Are malignant pituitary tumours rare? If only tumours with metastasis are considered they are very rare, accounting for just 0.2% of all pituitary tumours. The prevalence of APT is not well known. The frequency of Grade 2b pituitary tumours (invasive with high proliferation) is around 10% (4). However, not all Grade 2b tumours will develop clinically aggressive behaviour. Nevertheless, as has been demonstrated, APT and PC are clinically and histologically similar, so we suggest that APTs are ‘tumours with malignant potential without metastasis’. It is one of the reasons why it has been proposed to change the term pituitary adenomas to Pituitary NeuroEndocrine Tumours (PitNET) (5). However, it must be underlined that the majority of pituitary tumours (50–60%) are benign (adenomas) and that the great majority of malignant tumours remain well differentiated. We propose the following diagram (Fig. 2) of pituitary tumour behaviour, knowing that hyperplasia was never observed before or associated with tumour formation and assuming that the great majority of patients are cured or controlled by surgery, with or without radiotherapy or standard medical therapies.

Figure 2
Figure 2

Diagram representing potential pituitary neuroendocrine tumour (PitNET) behaviours.

Citation: European Journal of Endocrinology 178, 6; 10.1530/EJE-18-0250

Conclusion

In conclusion, the diagnosis of a malignant pituitary tumour remains difficult. Given that both APT and PC result in premature death as a result of tumour progression, we propose that an aggressive pituitary tumour is considered a tumour with malignant potential. The management of these patients must be multidisciplinary, with a dialogue between the endocrinologist, the neurosurgeon and the pathologist.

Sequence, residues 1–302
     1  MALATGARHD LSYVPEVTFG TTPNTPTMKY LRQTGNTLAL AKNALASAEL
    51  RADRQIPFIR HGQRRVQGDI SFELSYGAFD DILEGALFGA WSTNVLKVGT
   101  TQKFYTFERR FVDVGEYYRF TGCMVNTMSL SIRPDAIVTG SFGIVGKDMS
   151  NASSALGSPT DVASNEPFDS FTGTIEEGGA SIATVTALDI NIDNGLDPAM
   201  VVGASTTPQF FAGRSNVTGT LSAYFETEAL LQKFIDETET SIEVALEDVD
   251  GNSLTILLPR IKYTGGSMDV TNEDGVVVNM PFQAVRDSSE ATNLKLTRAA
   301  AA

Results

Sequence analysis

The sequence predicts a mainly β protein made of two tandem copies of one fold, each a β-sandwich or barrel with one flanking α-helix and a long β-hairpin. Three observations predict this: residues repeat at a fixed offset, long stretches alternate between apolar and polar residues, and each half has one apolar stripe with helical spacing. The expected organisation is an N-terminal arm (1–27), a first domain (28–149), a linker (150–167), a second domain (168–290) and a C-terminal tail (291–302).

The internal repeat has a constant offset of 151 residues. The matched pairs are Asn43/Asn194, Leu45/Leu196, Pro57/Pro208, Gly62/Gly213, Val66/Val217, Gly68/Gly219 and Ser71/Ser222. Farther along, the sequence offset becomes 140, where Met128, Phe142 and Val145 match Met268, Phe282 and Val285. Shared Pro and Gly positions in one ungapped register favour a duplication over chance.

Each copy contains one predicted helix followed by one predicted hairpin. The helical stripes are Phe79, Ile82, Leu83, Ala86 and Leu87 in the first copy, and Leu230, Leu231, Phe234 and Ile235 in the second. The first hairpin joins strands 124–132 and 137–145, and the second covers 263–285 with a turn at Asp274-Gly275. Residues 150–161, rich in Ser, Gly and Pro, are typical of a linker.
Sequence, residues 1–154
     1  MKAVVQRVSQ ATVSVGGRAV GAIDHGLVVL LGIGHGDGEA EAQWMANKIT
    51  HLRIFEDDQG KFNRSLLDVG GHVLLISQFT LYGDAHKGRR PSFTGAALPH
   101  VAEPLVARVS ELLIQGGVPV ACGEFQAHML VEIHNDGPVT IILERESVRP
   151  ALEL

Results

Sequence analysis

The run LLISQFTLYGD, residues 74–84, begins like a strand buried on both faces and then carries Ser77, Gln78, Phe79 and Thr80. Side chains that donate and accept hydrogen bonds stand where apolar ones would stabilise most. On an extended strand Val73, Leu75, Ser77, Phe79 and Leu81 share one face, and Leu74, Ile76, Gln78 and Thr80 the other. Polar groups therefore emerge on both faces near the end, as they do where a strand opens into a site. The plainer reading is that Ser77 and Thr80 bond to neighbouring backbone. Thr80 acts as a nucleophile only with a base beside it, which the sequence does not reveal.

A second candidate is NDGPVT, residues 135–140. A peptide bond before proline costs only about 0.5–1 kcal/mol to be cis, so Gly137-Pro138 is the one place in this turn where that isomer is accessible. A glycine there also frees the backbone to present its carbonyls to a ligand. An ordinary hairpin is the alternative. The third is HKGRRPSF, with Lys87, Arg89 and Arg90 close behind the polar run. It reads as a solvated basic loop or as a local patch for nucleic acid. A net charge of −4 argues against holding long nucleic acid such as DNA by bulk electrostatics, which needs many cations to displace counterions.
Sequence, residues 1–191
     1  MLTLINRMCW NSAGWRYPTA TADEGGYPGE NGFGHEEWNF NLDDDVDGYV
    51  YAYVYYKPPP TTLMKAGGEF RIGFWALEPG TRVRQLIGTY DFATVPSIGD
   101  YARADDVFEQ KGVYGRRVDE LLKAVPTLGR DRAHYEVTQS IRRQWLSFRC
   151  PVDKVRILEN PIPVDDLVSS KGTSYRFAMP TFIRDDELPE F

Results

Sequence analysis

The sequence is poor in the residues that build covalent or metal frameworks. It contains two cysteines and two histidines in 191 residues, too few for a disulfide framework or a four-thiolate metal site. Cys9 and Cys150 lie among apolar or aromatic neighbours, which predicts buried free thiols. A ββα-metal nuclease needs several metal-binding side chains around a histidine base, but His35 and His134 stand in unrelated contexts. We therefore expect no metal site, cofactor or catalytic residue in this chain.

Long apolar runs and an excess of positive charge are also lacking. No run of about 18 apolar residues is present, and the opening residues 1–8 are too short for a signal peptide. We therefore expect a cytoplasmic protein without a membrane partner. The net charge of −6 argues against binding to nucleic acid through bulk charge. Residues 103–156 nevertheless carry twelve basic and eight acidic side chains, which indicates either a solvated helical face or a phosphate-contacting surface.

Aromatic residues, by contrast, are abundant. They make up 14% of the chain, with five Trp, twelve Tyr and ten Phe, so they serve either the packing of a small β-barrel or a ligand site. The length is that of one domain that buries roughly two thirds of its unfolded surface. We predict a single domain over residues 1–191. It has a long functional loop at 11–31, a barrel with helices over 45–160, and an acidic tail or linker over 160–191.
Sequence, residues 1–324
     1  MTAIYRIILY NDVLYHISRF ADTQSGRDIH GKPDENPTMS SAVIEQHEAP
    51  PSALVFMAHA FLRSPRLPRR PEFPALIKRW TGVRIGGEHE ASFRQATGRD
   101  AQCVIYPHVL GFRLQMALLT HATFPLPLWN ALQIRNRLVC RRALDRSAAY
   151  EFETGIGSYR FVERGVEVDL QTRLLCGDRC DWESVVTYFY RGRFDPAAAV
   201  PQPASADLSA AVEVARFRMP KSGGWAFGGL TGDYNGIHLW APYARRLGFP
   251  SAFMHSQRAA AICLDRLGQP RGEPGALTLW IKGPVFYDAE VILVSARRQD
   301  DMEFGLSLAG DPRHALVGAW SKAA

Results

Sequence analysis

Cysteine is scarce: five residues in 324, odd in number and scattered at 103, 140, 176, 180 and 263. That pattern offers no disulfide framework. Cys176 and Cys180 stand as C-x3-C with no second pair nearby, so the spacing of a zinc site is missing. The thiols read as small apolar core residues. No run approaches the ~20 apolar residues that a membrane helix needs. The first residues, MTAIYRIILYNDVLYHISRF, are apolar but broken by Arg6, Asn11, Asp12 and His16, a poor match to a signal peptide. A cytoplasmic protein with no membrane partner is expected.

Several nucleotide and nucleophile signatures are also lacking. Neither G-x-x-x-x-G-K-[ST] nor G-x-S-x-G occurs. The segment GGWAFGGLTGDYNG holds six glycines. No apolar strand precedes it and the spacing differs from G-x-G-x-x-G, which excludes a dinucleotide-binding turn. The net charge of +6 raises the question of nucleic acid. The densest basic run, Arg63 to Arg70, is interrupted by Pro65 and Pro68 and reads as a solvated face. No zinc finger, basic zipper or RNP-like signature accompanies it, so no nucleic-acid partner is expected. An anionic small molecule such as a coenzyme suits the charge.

Declaration of interest

The authors declare that there is no conflict of interest that could be perceived as prejudicing the impartiality of this commentary.

Funding

This work did not receive any specific grant from any funding agency in the public, commercial, or not-for-profit sector.

References

  • 1

    McCormackADekkersOMPetersennSPopovicVTrouillasJRaverotGBurmanP & on behalf of the ESE survey collaborators. Treatment of aggressive pituitary tumours and carcinomas: results of a European Society of Endocrinology (ESE) survey 2016. European Journal of Endocrinology 2018 178 265276. (https://doi.org/10.1530/EJE-17-0933)

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    • PubMed
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    • Export Citation
  • 2

    RaverotGDantonyEBeauvyJVasiljevicAMikolasekSBorson- ChazotFJouanneauERoyPTrouillasJ. Risk of recurrence in pituitary neuroendocrine tumors: a prospective study using a five-tiered classification. Journal of Clinical Endocrinology and Metabolism 2017 102 33683374. (https://doi.org/10.1210/jc.2017-00773)

    • Crossref
    • Search Google Scholar
    • Export Citation
  • 3

    MeteOCintosunAPressmanIAsaSL. Epidemiology and biomarker profile of pituitary adenohypophysial tumors. Modern Pathology 2018. (https://doi.org/10.1038/s41379-018-0016-8)

    • Search Google Scholar
    • Export Citation
  • 4